by S. R. Balasubrahmanyam | 1960 | 105,501 words
This volume of Chola Temples covers Parantaka I to Rajaraja I in the timeframe A.D. 907-985. The Cholas of Southern India left a remarkable stamp in the history of Indian architecture and sculpture. Besides that, the Chola dynasty was a successful ruling dynasty even conquering overseas regions....
Uraiyur (Urandai or Kozhi) about a mile west of Tiruchy town was the capital of the Chola kings of the Sangam age, the most famous of them being Tittan. Nedunkilli, Karikalan and Kopperuncholan. In Sanskrit literature this place was known as Uragapura; the Greek Geographer called it Orthura, and the Periplus Argaru. Even after the transfer of the Chola capital to Kaverippattinam, it was still a hallowed place and exercised a spell on the Cholas. It was the home of Pugalchola Nayanar, one of the 63 Tamil Saivite saints. The ancient capital is believed to have been destroyed during one of the periodic floods of the Kaveri. This site was recently excavated by the Department of Archaeology, University of Madras. The discovery of some Roman rouletted pottery established maritime and commercial contacts of the Cholas with Rome. A number of potsherds with inscriptions in the Tamil language and ‘Dravidi’ script were unearthed here. Another find is a dyeing vat of burnt brick which indicates the existence here of a flourishing textile industry.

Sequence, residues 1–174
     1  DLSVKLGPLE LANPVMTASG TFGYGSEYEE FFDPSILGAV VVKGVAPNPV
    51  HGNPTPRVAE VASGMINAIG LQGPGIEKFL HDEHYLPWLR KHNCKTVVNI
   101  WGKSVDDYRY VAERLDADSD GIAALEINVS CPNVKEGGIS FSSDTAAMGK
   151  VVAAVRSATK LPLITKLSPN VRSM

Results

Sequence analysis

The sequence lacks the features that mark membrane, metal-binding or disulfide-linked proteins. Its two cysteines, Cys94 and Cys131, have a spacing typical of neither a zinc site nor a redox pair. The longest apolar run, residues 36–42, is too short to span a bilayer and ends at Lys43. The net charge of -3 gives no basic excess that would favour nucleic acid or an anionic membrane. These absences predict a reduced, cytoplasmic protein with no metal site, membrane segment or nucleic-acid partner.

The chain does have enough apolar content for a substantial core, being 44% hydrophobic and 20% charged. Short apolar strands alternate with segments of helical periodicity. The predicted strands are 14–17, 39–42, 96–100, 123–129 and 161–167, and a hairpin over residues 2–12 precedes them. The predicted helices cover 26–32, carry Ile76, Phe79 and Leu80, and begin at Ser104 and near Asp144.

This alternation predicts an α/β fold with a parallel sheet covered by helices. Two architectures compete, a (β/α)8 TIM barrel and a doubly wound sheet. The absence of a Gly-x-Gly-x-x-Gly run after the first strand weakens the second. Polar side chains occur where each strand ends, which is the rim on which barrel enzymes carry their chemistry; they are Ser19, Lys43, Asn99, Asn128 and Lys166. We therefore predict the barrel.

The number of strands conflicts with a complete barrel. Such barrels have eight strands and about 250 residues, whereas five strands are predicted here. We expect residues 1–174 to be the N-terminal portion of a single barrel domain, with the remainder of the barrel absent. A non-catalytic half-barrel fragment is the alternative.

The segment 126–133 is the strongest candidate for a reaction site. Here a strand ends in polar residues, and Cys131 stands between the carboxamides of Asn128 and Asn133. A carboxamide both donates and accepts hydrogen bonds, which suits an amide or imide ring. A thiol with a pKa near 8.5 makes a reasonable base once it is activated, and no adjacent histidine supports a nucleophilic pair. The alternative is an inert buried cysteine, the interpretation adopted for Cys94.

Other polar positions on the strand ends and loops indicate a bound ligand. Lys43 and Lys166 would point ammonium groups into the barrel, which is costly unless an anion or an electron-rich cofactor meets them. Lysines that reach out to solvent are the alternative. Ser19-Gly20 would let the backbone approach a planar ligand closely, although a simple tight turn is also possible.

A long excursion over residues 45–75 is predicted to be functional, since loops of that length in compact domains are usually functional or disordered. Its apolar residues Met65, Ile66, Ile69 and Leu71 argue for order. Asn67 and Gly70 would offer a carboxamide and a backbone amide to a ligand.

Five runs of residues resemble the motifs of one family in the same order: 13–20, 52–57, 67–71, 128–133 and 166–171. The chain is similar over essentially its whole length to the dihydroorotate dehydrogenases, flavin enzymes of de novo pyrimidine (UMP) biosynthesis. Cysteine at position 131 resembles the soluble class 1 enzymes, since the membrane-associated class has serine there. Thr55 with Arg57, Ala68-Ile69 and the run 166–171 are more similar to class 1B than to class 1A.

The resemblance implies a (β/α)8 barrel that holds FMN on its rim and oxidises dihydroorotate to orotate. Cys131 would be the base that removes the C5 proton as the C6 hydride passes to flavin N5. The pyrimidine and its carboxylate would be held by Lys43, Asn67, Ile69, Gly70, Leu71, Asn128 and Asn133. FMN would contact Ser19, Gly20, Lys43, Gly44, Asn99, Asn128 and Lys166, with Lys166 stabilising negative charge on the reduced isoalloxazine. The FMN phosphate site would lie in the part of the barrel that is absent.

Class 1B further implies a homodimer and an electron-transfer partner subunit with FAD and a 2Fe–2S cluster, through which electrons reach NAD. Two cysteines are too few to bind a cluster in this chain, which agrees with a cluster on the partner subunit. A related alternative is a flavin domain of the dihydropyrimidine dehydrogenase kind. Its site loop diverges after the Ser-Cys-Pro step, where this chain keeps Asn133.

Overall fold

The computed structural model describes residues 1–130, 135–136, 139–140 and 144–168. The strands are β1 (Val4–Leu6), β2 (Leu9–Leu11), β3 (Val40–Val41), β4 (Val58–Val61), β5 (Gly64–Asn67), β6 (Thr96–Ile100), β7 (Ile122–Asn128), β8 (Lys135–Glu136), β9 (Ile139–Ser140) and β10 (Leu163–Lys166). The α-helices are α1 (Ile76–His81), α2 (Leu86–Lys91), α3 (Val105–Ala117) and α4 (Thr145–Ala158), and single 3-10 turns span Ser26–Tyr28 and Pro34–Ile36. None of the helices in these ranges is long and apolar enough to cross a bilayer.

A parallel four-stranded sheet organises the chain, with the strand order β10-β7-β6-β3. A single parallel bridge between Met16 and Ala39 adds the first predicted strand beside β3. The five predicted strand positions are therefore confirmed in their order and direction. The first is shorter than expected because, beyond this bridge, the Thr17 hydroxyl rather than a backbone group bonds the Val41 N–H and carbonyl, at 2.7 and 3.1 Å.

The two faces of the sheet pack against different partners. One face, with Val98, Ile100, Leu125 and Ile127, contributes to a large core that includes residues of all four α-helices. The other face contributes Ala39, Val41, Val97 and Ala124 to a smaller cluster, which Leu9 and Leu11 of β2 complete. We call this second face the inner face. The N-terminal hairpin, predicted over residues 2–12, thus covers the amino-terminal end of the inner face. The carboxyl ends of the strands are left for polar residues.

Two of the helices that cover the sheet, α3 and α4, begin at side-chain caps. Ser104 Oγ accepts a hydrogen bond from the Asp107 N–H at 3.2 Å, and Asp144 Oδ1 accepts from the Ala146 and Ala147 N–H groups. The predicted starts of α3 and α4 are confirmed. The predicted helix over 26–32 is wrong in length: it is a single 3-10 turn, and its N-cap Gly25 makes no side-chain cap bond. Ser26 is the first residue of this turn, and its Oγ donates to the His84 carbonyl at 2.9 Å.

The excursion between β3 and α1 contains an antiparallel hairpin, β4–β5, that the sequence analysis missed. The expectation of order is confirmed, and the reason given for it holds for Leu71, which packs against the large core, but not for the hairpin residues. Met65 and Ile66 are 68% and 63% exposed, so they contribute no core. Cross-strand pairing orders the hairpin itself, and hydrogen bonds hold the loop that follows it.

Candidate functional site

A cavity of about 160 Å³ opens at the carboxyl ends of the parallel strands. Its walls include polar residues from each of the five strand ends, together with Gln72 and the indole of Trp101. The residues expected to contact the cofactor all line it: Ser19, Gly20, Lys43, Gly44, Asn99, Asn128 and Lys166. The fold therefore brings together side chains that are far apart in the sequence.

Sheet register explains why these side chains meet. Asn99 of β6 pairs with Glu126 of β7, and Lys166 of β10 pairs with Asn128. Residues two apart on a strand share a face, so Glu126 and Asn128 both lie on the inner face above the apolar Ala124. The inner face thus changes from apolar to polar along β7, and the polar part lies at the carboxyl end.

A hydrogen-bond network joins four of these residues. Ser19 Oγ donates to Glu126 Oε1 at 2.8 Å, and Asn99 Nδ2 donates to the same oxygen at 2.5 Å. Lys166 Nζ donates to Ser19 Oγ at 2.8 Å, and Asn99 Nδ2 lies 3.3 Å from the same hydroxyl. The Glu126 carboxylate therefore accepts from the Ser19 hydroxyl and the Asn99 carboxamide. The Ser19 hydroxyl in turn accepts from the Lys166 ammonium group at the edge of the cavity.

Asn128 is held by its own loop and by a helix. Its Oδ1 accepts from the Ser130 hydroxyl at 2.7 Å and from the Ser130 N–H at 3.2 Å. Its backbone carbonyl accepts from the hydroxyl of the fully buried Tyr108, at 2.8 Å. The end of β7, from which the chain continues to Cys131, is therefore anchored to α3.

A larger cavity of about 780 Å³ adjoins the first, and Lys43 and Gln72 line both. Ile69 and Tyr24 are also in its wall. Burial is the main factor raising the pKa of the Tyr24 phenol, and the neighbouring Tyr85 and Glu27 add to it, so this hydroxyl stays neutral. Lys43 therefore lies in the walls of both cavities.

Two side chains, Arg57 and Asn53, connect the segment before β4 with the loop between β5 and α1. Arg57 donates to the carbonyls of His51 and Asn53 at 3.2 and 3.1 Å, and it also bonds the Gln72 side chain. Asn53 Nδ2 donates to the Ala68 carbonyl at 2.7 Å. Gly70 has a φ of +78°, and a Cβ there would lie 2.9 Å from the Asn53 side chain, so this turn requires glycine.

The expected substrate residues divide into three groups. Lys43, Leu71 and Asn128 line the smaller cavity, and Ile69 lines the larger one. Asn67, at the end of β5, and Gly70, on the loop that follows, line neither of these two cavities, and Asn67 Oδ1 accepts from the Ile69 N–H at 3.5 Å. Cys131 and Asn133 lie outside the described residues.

Here is an ancient temple called Mookesvaram whose main deity is called Panchavarnesvara. This deity is believed to appear before his devotees in different colours at different times (especially to Brahma when he came here for worship). It is believed that all the three kings of the Tamil land—Chera, Chola and Pandya—used to assemble here together and worship the Lord.
On the south wall of the central shrine there is a damaged inscription of the 16th regnal year of a Parake-sarivarman, who could be identified with Uttama Chola. It records an endowment of two ma of land for the supply of Kaveri water for the sacred bath of the deity Tiruvudaittalai Perumal (as he is called) and for some specific food offerings on the occasion of the Uttarayana and Dakshinayana Sankranti every year. Owing to frequent renovations, we can hardly recognise the original architectural features of this temple.
About two furlongs to the east of the temple of Mookesvaram, on the road to Tiruchy town is another early Chola temple, Tantonrisvaram by name.
The temple faces the east; it consists of the garbha-griha and the ardhamandapa. The Ardhanarisvara on the western (rear) devakoshta, Brahma in the northern devakoshta, Chandesvara of the parivara shrine and the two dvarapalas at the entrance are all original sculptures and of good workmanship.
The installation of Ardhanarisvara in the rear devakoshta seems to indicate that this temple could be assigned to the period of Aditya I (Suppt. to E.C.A.I. Pls. 16-20).